Speaking Friday after an extremely poor job-growth report, President Biden contended the federal unemployment insurance supplement is not to blame.
That’s in spite of the fact that many business owners across the nation say they are struggling to get their employees to return.
Biden was asked by a reporter: “Do you believe enhanced unemployment benefits had any effect on diminishing a return to work in some categories?”
The president replied, “No, nothing measurable.”
While job growth was expected to be about 1 million for April, only 266,000 new jobs were added.
Republican lawmakers have joined business groups in blaming the $300 weekly federal subsidy, which enables some workers to make more money staying home. The subsidy, signed into law in March, is set to expire Sept. 6.
Neil Bradley, the Chamber of Commerce executive vice president and chief policy officer, said the jobs report “makes it clear that paying people not to work is dampening what should be a stronger jobs market.”
“One step policymakers should take now is ending the $300 weekly supplemental unemployment benefit,” he said.
But Biden insisted, nevertheless, that the report Friday is a “rebuttal to loose talk that Americans just don’t want to work.”
“I know some employers are having trouble filling jobs. But what this report shows is that there’s a much bigger problem — notwithstanding the commentary you might have heard this morning,” he said. “It is that our economy still has 8 million fewer jobs than when this pandemic started. The data shows that more workers — more workers — are looking for jobs and many can’t find them.”
See Biden’s remarks:
At a White House press briefing later Friday, Treasury Secretary Janet Yellen said she didn’t think the subsidy was “the major factor is the extra unemployment.”
“There’s no question that we’re hearing from businesses that they are having difficulty hiring workers,” Yellen said.
But she insisted there is no data associating the low job numbers with additional unemployment benefits.
“If it were really the extra benefits that were holding back hiring, you’d expect to see that in either in the states, or in workers, or in sectors where the replacement rate to the UI is very high, you’d expect to see lower job-finding rates, and in fact what you see is the exact opposite,” she said.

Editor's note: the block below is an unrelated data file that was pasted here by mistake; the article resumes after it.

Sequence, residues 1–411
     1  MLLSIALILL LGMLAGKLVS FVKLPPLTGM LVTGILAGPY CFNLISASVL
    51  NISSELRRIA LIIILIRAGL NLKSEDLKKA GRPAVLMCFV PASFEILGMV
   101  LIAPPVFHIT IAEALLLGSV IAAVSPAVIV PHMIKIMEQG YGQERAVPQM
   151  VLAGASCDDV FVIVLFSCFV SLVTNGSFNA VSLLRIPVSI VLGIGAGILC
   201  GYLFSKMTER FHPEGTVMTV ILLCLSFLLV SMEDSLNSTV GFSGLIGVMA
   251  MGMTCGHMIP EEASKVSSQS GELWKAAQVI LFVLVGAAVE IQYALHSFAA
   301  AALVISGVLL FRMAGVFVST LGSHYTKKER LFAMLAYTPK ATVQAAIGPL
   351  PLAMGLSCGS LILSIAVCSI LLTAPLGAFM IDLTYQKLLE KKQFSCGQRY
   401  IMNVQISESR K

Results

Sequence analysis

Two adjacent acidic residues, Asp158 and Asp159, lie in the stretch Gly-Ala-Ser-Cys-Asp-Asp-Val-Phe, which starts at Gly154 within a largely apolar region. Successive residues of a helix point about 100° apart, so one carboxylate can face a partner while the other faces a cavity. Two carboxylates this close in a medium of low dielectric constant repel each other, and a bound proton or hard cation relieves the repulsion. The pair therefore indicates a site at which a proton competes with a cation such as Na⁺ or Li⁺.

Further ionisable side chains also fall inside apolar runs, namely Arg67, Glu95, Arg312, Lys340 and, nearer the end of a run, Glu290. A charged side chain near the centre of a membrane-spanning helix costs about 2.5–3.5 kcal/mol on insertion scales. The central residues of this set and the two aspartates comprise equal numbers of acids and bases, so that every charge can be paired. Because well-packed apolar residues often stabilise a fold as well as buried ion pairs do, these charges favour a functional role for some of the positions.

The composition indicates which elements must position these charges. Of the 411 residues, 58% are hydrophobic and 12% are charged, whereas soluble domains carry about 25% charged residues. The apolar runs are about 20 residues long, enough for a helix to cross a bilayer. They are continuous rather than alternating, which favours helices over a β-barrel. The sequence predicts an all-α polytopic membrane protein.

However, 42% of people currently claiming unemployment insurance are receiving more money now than when they were working, according to a University of Chicago study, the New York Post reported.
White House press secretary Jen Psaki argued that under the rules, people receiving the unemployment payments “must be available and actively seeking work, and workers are not permitted to refuse suitable work and continue to receive benefits.”
However, under the pandemic program, she acknowledged, people can receive benefits “if they are sick with COVID, taking care of someone sick with COVID or offered a job in an unsafe workplace.”
Critics argue that amid conflicting claims about “the science” on COVID-19, “unsafe workplace” can be defined broadly.
‘Joe Biden is paying people not to work’
Republican House Minority Whip Rep. Steve Scalise said the “terrible” jobs report should have been no surprise to Biden.
The Louisiana lawmaker wrote on Twitter:
Joe Biden is:
– Paying people not to work
– Siding with teachers unions refusing to reopen schools—so parents can’t go back to work
– Sending weak, anti-science messages about returning to normal
What did he expect?
The Republican governors of Montana and South Carolina announced their states will end the unemployment benefits next month.
“Incentives matter, and the vast expansion of federal unemployment benefits is now doing more harm than good,” Gianforte said. “We need to incentivize Montanans to reenter the workforce.”
On Thursday, Florida Gov. Ron DeSantis said that people receiving unemployment benefits will soon need to provide proof that they’re looking for a job.
“Normally when you’re getting unemployment, the whole idea is that’s temporary, and you need to be looking for work to be able to get off unemployment,” DeSantis said at a news conference.
“It was a disaster, so we suspended those job search requirements. I think it’s pretty clear now, we have an abundance of job openings.”
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